As the cryptocurrency ecosystem and use cases develop, even the best-laid plans for crypto taxes may prove elusive. Decentralized financial systems were in their infancy four years ago. Traders are now doing things like trading across blockchains, liquid stacking, yield farming, and more.
Those who chooase to ride out volatile markets by buying and holding and averaging their purchases with smaller amounts more often aren’t immune to mockery from those who acquire non-fungible tokens.
The accounting of the exchange crypto tax of every single transaction is infinite. Do you have any idea how difficult it is to keep tabs on cost basis for potentially thousands of daily transactions?
Moreover, that’s on a personal level. I’ve seen businesses that process a million-plus in monthly sales. You may make your accountant very happy by following these five crypto tax best practices.
- Document every single financial exchange in minute detail
Sorry to break it to you, but the blockchain’s immutable recording system can’t be ignored. For many, the blockchain represents a self-recording, all-seeing system. Yes, this is true to some extent. However, unlike bank statements, which neatly record specifics like the names of the buyer and seller, together with the amount and date of the transaction, a blockchain does not provide such information.
When put into reality, blockchains are simply an immutable record of letters and numbers that can be seen using a block explorer like Etherscan, but the content isn’t user-friendly.
Simply cutting-and-pasting this information into a spreadsheet and sending it to your accountant is like expecting them to solve a “Da Vinci Code”-style puzzle.
- Just one single exchange should be used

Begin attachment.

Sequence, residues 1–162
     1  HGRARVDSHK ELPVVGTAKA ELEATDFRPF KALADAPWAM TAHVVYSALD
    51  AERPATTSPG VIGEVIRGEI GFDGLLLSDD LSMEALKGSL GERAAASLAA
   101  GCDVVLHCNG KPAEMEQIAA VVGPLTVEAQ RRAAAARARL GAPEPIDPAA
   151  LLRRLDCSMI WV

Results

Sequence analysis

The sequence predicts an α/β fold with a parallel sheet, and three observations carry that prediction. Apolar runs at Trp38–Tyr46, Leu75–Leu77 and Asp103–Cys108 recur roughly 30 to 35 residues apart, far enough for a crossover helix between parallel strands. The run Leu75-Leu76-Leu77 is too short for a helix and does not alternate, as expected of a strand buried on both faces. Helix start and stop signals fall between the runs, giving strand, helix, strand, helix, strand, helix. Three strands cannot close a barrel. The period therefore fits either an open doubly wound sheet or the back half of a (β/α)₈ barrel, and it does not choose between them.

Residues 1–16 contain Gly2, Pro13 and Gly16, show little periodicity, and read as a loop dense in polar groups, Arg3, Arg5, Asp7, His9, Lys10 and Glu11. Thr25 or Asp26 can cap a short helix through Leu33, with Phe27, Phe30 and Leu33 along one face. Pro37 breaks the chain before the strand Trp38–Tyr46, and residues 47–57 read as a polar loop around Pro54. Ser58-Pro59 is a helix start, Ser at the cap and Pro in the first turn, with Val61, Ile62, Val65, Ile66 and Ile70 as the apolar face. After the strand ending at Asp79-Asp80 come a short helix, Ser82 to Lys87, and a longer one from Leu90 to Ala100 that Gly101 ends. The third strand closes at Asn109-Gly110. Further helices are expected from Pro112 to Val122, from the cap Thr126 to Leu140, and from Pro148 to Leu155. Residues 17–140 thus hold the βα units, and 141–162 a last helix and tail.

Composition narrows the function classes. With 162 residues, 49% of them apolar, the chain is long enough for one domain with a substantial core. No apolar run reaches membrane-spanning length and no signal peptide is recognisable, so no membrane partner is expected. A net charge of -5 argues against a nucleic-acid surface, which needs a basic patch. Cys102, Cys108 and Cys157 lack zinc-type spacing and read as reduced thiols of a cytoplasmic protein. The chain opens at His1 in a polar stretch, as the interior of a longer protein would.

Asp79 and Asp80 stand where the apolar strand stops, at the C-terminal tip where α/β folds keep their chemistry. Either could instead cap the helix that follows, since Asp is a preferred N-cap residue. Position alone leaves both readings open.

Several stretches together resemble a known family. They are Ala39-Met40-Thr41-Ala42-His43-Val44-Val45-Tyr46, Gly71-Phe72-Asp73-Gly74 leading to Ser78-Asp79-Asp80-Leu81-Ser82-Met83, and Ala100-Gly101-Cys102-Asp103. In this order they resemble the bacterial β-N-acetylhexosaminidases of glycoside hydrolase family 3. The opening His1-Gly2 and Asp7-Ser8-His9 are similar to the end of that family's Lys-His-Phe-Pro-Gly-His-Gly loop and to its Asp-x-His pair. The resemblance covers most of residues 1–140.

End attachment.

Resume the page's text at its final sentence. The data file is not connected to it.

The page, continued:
Using a number of different exchangers may cause your accountant more work at tax time. The more varied your price data is, the more work your accountant will have to do. The two main causes for this are as follows.
Firstly, your accountant is more likely to make mistakes when combining CSVs since each exchange uses a distinct format for its output. Second, this is a tedious, manual process that adds a lot of time to your billable hours. Everybody loses in this scenario.
- Practice clean coin handling
The ability of accountants to see transactions from the standpoint of a workflow makes good wallet hygiene crucial for both professional traders and average people.
It can seem convenient to have all your digital belongings in one place, but that’s not always the case. Always employ a consistent naming system and separate wallets for different types of transactions, such as investments, DeFi transactions, and income. Keep your mining earnings in a different wallet if you are a miner. You should divide your funds for secondary royalties and such items if you create NFTs.
- Maintain frequent communication with your accountant
Complexity in accounting arises from the need to keep track of transactions made on various exchanges, blockchains, and wallets and then properly report those transactions to a trusted third party, such as an accountant. You may lessen the likelihood of this happening by keeping in regular contact with your accountant.
- Automate whatever you can
The only two things certain in life are death and taxes, as the old adage goes. But unless we have definitive guidance from authorities, such cannot be said about exchange crypto tax.
The good news is that several options exist that operate seamlessly with various types of accounting software and electronic wallets; all you have to do is choose the one that suits your needs the best.
Users will be able to link their cryptocurrency exchange of choice into the Binocs platform in order to compute their cryptocurrency-related taxes. This includes Binance, BitBNS, and any other cryptocurrency exchange. Check more on Latestdigitech.